By John Higgins
Beacon Journal staff writer
Akron-based White Hat Management sued on Monday by the governing boards of 10 of the Ohio charter schools it operates isn't the only for-profit management company to come under fire.
Last week, Ohio Policy Matters, a Cleveland think tank, published a critical report about Imagine Schools that foreshadowed many of the complaints about financial accountability and poor academic performance leveled at White Hat in the lawsuit.
Virginia-based Imagine Schools is the largest for-profit charter school management company in America, with 71 schools in 11 states and Washington, D.C., according to the report. Eleven of those schools are in Ohio and one of them is in Akron, the Romig Road Community School, in a former Apple's Grocery Store across from Rolling Acres Mall.
The striking similarity between the Imagine report and the White Hat lawsuit is the power that both for-profit corporations hold over the nonprofit school boards that are their employers at least on paper.
''One huge issue is how hard it is for these school boards, these governing boards, to break away from Imagine or White Hat,'' said the report's author, Piet van Lier.
The White Hat lawsuit contends that changes to Ohio's charter school law in 2006 enabled management companies, under certain circumstances, to replace the governing boards that hired them.
White Hat Management noted in a response sent late Monday that it is regulated and audited by the state of Ohio and has properly accounted for all state and federal funds.
''This is not the place to argue about the politics of charter schools,'' according to White Hat's statement. ''That is properly left to the legislature.''
But it's the legislature that has caused the confusion, said van Lier.
The same law that lets management companies oust their governing boards holds those boards responsible for the school's finances and academic performance.
''The state law appears to be doing
two things at the same time, sort of undercutting itself,'' van Lier said. ''You're creating these boards that are supposed to be responsible, and yet ultimately it's the management company that can wield control.''
In other words, instead of the operators working for the boards, the boards serve at the pleasure of the operators.
The question of independence has been an issue in Ohio for more than a decade.
In 2000, the Akron Beacon Journal obtained a letter from the IRS to a Hope Academy at a time the Hope schools were attempting to achieve federal nonprofit status. The IRS raised concerns about the close ties between White Hat Management and the Hope school board.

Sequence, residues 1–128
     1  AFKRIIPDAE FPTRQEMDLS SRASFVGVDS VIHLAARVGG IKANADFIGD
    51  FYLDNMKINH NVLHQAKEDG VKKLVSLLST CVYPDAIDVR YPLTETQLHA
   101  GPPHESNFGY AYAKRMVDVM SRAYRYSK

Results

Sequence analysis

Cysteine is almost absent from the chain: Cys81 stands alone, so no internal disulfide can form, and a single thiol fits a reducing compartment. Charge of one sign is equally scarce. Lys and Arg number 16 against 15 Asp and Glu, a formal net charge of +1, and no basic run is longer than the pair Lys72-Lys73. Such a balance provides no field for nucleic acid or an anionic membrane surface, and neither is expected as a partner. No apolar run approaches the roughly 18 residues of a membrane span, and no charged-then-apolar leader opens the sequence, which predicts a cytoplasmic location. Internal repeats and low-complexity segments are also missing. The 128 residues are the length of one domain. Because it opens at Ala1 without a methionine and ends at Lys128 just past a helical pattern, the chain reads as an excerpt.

Also in 2000, State Auditor James Petro, after a special review of charter schools, reiterated the IRS' concerns about management companies' relationships with school boards, which were supposed to be independent.
The Thomas B. Fordham Institute/Foundation a staunch defender of the charter school movement nationally and the sponsor of six charter schools in Ohio agrees that the ambiguity has made Ohio ripe for lawsuits.
''That creates a situation where you're going to have lawsuits and you're going to have muddied accountability because it's not at all clear who's on the hook for performance,'' said Terry Ryan, Fordham's vice president for Ohio Programs and Policy.
Ryan said Fordham refuses to sponsor management companies that set up the school first, then find a compliant board and sponsor to meet the Ohio regulations.
''We would not sponsor a school that worked that way,'' Ryan said. ''We've actually had conversations like that. And what we always say is, for us, we want to know who the governing board is and we want to communicate with the governing board and we want to have a relationship with the governing authority. Because at the end of the day, that's our partner. They're the ones we hold accountable for results.''
Van Lier said Imagine is one of the companies that sets up the school first and then finds a school board to oversee it.
''It's not some independent board of people saying, 'Well hmm, let's look and see who we want to get here.' It's a group that's been recruited by Imagine to run the school, so there's no question as to who they're going to contract with,'' van Lier said.
The Ohio Policy Matters report also calls for more scrutiny of Imagine's complex real estate and sponsorship arrangements.
The report includes several recommendations for the state, including the prohibition of for-profit management companies from operating in Ohio with public tax dollars.
Imagine Schools says on its Web site, http://www.imagineschools.com, that it functions like a nonprofit and that its application for federal tax-exempt status is under review by the IRS.
The company posted a sharp response to the report on its Web site: ''The attack on Imagine Schools by Policy Matters Ohio is not surprising given its union associations and history of bias against charter schools.''
Imagine's response does not specifically address the report's criticism of the subservient role that school boards play in the company's management.
The report cited an internal memo sent by Imagine Schools President Dennis Bakke in 2008 concerning the governing boards: ''I do not mind them being grateful to us for starting the school (our school, not theirs), but the gratitude and the humility that goes with it, needs to extend to the operation of the school.''
Bakke advises executives to get undated letters of resignation from board members that can be acted on by the company at any time.
''Probably the most important concept that needs to be grasped by potential and sitting board members for our new schools going forward is that Imagine Owns the school, not just the building,'' he said in the memo, which was published in the Fort Wayne Journal Gazette.